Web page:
Goodie Bag Ideas for the Classroom September 23 2010

My youngest child started Kindergarten this year.

As both a mom and a teacher, I was nervous for him. Would he make friends? Would he find his bus at the end of his school day? As a person who marches to his own drummer and likes to be funny, would he behave as the teacher required (and keep his pants up on the playground)?

Both Kindergarten classes held an Orientation Day on the first day of school. Kids and parents gathered to meet the teacher (and each other), fill out forms, and face the realities of going to school - harder for the parents than for the kids, I think.

One of the highlights of Orientation Day was the Goodie Bag that each child received, which held a yellow star, a red heart, a small eraser, a jewel, a piece of gum and a package of smarties. To accompany it, the teacher had written:

Dear Kindergartner,

You are a star in my class. (Star)
It's OK to make mistakes...that's how we learn. (Eraser)
You are important and valuable. (Jewel)
You are going to learn so much this year. (Smarties)
In our class, we always stick together. (Gum)
Our class is a safe and caring place. (Heart)

I am so happy to have you in class!

Love, Mrs. A

When Kids Arrive

My son absolutely loved his Goodie Bag, and plays with the contents (except for the gum, that was chewed the first day) even though we're now two weeks into the school year. I loved it too, and it got me thinking about how much children of all ages might appreciate a Goodie Bag once in awhile.

The contents of classroom Goodie Bags can vary greatly depending on the kids and parents receiving them. Additional ideas for possible contents include:

  • Starburst - Everyone in our class is a Star!
  • Fancy Toothpick - Don't forget to "pick" out the good in everyone, Remember to "pick" the right choice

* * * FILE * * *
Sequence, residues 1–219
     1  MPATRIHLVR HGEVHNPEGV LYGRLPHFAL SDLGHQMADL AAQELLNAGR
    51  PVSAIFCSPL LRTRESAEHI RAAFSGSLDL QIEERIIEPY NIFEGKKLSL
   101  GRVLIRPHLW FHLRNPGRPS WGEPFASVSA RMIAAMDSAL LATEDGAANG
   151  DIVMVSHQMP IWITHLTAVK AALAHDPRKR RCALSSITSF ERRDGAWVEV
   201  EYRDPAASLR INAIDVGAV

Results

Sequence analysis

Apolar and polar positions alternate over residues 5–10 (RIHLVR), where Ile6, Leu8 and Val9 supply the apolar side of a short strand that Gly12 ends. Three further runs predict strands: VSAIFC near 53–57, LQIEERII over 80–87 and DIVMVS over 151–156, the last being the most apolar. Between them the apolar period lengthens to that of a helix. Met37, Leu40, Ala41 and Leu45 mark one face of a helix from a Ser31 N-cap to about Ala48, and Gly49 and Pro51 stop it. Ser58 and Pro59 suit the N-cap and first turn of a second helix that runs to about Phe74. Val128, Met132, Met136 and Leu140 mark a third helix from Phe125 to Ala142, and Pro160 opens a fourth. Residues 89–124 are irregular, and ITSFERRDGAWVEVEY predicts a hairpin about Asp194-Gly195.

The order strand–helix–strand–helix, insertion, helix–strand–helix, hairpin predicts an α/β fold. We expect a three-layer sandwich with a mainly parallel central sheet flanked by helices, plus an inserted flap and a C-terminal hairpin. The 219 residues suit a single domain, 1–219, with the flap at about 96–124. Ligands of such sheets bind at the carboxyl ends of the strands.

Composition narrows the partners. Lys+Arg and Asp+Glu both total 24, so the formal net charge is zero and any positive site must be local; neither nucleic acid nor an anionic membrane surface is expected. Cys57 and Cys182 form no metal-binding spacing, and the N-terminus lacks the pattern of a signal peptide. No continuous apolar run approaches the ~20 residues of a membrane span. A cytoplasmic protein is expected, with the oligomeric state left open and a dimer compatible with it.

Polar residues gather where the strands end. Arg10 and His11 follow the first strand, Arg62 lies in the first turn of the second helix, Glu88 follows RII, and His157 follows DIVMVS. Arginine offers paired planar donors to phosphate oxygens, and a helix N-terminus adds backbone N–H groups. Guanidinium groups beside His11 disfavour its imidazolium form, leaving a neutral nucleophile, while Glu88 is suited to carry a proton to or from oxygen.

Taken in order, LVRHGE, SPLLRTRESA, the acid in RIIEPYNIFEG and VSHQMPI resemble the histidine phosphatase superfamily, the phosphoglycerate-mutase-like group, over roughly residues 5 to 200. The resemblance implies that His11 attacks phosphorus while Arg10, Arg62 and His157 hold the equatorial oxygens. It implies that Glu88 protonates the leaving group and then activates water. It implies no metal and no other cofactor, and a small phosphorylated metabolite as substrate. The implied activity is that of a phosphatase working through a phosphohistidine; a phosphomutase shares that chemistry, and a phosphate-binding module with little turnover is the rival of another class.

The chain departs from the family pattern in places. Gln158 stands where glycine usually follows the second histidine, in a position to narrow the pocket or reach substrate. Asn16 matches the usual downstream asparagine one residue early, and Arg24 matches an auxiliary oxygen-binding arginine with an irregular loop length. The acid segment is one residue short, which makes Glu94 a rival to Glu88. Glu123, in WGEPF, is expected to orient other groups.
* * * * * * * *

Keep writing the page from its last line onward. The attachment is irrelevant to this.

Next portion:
• Bandage - When feelings are hurt, you can always offer an apology
  • A Hershey's Hug - Everyone needs a "hug" sometimes

Basically, what you put into Goodie Bags can vary based on your own special creativity and imagination!

To Celebrate a Special Day or Person

A Goodie Bag doesn't have to only be for the beginning of the school year. There are many ways to incorporate Goodie Bags for special occasions throughout the year that help build positive relationships with kids and parents involved in your classroom. A few ideas of celebrating additional special days or people include:

  • Acknowledgment of each child's birthday - this can include a special pencil, birthday crown to put together and wear during the day, a sticker or temporary tattoo, a fruit leather (as opposed to candy)
  • Help celebrate Hundreds Day - Kids make a Goodie Bag of "Hundreds Day Heavenly Hash" by picking 10 pieces from each bowl you provide, like bowls of Cheerios or other cereal, animal crackers, mini-marshmallows, raisins or dried cranberries, chocolate chips, peanuts, sunflower seeds, popcorn, and pretzels, to name a few.
  • Chaperones on the day of a Field Trip - Include a copy of expectations for chaperones and their groups, an itinerary for the day, nametags for the kids in their group, a brief thank you note, and a couple of pieces of chocolate
  • Volunteer Appreciation - the Goodie Bag can actually be a flower pot with a packet of seeds as a thank-you for their assistance in "helping kids grow." Other themes can involve coffee, tea, chocolate or going green.
  • Celebrate a Holiday - create special Christmas or Valentine's Day Goodie Bags for each child in your classroom

When Kids Leave

When the other parents and I left our kindergarteners for their first day of school, Mrs. A handed us out own special Goodie Bags. There were three items and a note to explain each one:

  • a tissue, to wipe away the tears
  • a cotton ball, to remind us that our kids' spirits are still young and malleable
  • a packaged teabag, with encouragement to put our feet up and have a nourishing cup

Mrs. A stood by the door to hand us our bags, instructing the kids to say good-bye and blow us kisses from where they were sitting.

I am convinced that my son's Kindergarten teacher is a GENIUS.

Goodie Bags don't have to only be for parents as they leave for that first day. As children leave your classroom at the end of the year, consider putting together a special Goodie Bag for each one to take with them. Here are some suggestions for possible contents:

  • a small (snack-size) Ziploc bag of homemade playdough and a recipe card.
  • a small ruler to remind kids that there are rules to follow.
  • a pencil and eraser to write a letter to me.
  • an inexpensive book and a bookmark.
  • a piece of candy, to remind kids that they're sweet. Another option is Hershey's Hugs and Kisses.
  • a small container of bubbles to encourage kids to get outside and play!

Goodie Bags in the classroom provide a special way to build relationships with kids and parents without straining your budget!